As a kid, I often heard old people, while giving precautionary advice say, “Child, you gonna give somebody a stroke!” Of course, I didn’t know what a stroke was. When I was a young woman, my optimism used to irritate a lot of people. My brother and teen husband asked me often, “What you so damn happy about?” Like it was the ultimate sin. Yes, we were born into a damaged family system, but so what is new? Everyone in our neighborhood, kids and grownups, wished to be like the imaginary perfect family we watched on TV. Most had labor jobs, cleaned wealthy people’s homes or were active participants in illegal activities. Most were do gooders – law abiding citizens minding their own business while others studied the laws of how to get over. My Grandmother was a housekeeper. She always brought home hand-me-down expensive clothes. My favorite pastime was browsing through the Spiegel and Sears catalogs. “When I grow up, I’m going to have…” The hand-me-down clothes gave me a taste for fine wear and the catalogs illustrated the difference from substitute quality and luxurious comfort. It never occurred to me that these things were out of my reach.
Nevertheless, my neighborhood, was always packed with a lot of what Mama called “Who shot John” drama. These calamity-pack pastimes produced colorful lying, cheating, and stealing opportunities that normalized distrust and hopelessness. Hopefulness was for the naïve; those who lived in “LaLa Land.” a place, unbeknownst to those “hard knocks” practitioners.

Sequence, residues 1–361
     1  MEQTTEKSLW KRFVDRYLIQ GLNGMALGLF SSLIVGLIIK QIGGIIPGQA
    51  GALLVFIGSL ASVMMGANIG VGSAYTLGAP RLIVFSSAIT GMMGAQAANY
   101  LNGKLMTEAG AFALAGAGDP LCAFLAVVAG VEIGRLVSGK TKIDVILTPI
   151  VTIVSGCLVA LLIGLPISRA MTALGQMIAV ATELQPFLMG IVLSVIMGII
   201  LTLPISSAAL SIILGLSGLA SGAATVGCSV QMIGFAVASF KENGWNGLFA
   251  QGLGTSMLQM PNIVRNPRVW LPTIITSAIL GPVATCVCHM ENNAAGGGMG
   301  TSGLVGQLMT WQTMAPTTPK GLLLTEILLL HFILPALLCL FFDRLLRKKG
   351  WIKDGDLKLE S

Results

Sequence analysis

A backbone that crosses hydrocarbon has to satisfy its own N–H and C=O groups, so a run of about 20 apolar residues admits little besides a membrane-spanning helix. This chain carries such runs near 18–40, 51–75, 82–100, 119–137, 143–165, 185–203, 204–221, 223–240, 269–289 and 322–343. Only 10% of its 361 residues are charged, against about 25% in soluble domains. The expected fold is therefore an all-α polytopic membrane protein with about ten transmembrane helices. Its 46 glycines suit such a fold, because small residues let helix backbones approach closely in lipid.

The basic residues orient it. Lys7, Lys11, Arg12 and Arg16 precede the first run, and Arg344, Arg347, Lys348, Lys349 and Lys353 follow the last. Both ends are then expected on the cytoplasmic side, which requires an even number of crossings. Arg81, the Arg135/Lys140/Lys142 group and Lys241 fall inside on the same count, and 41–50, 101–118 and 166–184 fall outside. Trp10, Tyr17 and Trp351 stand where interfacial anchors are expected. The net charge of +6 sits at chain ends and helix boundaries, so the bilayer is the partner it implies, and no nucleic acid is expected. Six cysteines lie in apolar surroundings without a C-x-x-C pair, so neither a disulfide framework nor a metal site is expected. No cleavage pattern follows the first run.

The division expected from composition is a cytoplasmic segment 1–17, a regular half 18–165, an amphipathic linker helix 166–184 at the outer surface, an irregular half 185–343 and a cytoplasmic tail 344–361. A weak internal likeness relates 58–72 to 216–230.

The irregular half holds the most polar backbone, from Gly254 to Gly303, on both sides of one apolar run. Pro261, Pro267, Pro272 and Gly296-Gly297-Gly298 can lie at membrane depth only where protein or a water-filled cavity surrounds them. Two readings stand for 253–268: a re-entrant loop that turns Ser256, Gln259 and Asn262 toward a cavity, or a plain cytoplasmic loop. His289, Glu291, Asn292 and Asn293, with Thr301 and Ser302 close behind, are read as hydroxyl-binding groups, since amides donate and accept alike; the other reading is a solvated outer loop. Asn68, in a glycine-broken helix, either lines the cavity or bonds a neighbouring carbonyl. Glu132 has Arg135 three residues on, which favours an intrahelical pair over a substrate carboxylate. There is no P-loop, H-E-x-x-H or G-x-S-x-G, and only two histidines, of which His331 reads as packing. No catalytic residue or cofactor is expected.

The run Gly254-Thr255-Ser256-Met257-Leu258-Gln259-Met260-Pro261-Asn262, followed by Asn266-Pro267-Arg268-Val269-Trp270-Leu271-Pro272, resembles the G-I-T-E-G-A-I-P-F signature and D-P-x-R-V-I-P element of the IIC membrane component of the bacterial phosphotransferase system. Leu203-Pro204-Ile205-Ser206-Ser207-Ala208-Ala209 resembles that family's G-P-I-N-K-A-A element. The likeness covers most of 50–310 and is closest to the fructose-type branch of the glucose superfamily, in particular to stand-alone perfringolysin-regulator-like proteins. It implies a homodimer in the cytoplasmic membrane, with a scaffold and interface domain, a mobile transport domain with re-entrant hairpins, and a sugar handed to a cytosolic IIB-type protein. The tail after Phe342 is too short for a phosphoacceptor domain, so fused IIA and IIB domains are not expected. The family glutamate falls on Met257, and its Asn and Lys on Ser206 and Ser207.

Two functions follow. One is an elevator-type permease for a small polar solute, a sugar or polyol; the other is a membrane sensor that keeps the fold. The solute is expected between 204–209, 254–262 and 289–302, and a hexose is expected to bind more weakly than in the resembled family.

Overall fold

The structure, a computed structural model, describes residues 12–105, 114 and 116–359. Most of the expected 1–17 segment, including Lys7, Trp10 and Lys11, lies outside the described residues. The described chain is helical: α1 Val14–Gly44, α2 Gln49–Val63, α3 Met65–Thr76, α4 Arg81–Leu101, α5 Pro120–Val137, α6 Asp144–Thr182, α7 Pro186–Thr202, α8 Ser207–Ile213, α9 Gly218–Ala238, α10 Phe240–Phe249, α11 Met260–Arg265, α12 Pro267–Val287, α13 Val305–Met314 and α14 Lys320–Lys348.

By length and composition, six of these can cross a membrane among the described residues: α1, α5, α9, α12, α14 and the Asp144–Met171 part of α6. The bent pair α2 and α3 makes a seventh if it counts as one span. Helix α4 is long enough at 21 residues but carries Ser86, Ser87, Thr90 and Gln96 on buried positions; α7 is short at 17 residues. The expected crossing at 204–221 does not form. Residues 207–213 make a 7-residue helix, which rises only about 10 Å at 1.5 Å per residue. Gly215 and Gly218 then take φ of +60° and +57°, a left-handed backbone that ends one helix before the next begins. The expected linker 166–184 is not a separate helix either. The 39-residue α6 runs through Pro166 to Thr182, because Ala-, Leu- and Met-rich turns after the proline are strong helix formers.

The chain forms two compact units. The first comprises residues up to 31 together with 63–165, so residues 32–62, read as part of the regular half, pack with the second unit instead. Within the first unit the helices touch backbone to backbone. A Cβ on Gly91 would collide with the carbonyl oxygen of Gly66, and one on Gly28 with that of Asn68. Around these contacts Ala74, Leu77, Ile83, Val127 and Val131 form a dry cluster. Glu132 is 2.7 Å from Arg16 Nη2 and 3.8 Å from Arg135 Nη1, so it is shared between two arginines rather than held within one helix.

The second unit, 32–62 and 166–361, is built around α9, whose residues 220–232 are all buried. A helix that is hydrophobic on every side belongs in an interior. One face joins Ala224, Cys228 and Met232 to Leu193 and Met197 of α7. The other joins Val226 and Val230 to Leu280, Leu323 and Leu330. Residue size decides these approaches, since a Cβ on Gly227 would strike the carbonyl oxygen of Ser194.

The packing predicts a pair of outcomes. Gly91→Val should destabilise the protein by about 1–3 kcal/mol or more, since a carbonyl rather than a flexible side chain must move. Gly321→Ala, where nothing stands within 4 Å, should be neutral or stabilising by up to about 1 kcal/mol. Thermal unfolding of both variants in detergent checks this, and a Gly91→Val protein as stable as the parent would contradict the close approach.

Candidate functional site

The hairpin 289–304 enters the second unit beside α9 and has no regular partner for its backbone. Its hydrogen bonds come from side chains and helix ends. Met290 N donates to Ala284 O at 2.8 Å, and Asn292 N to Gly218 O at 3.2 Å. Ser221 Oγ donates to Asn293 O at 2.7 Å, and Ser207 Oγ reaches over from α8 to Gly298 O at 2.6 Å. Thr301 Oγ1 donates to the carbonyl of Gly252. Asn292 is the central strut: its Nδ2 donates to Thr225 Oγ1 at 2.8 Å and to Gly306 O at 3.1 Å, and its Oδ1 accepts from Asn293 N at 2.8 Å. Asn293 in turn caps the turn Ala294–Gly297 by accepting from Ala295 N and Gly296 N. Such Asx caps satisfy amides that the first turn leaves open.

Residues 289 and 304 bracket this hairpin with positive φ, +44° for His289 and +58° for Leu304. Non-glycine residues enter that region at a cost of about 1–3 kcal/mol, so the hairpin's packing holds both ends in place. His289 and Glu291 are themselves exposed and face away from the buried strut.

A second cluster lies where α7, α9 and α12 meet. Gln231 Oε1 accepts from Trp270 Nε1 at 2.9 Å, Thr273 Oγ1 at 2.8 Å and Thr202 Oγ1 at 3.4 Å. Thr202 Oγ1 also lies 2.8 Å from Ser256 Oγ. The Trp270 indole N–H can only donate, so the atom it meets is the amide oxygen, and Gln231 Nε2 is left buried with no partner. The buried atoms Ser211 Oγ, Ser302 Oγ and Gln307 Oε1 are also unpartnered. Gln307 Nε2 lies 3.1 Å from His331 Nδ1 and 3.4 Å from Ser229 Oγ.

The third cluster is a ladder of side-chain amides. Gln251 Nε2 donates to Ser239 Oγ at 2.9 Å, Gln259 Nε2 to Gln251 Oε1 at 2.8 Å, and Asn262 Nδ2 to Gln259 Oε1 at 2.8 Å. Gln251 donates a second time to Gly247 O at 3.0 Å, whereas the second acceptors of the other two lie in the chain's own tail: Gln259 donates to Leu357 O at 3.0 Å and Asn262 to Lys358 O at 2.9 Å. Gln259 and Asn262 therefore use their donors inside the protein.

The hard knocker know-it-alls, however, didn’t know their practices were life killing enhancers disguised as self-preservation. It didn’t reduce negative thoughts and hopeless expectations nor distant despair. It didn’t enable them to let go of things they had little or no control over, like other people’s motives for doing or saying things judged as offensive or insensitive and even intended to hurt, harm or wound the heart.
I challenge you to screen out negative and alternative reactions that impact your mental, physical, emotional well-being. Enjoy the fact you can be agile enough to rise above doubt, fear and calamities’ while strengthening your optimism muscles and attracting overcoming tools when challenges knocks at your door.
Even when Mr. Aneurysm came to visit me in 2011 trying to wrestle me down death’s throat. I won with a story to tell. I’m still happy and able to continue an adventurous journey.
I give God the credit, yes, but it would have been a different story without my participation to water down my ego and right to be outraged, annoyed and ANGRY.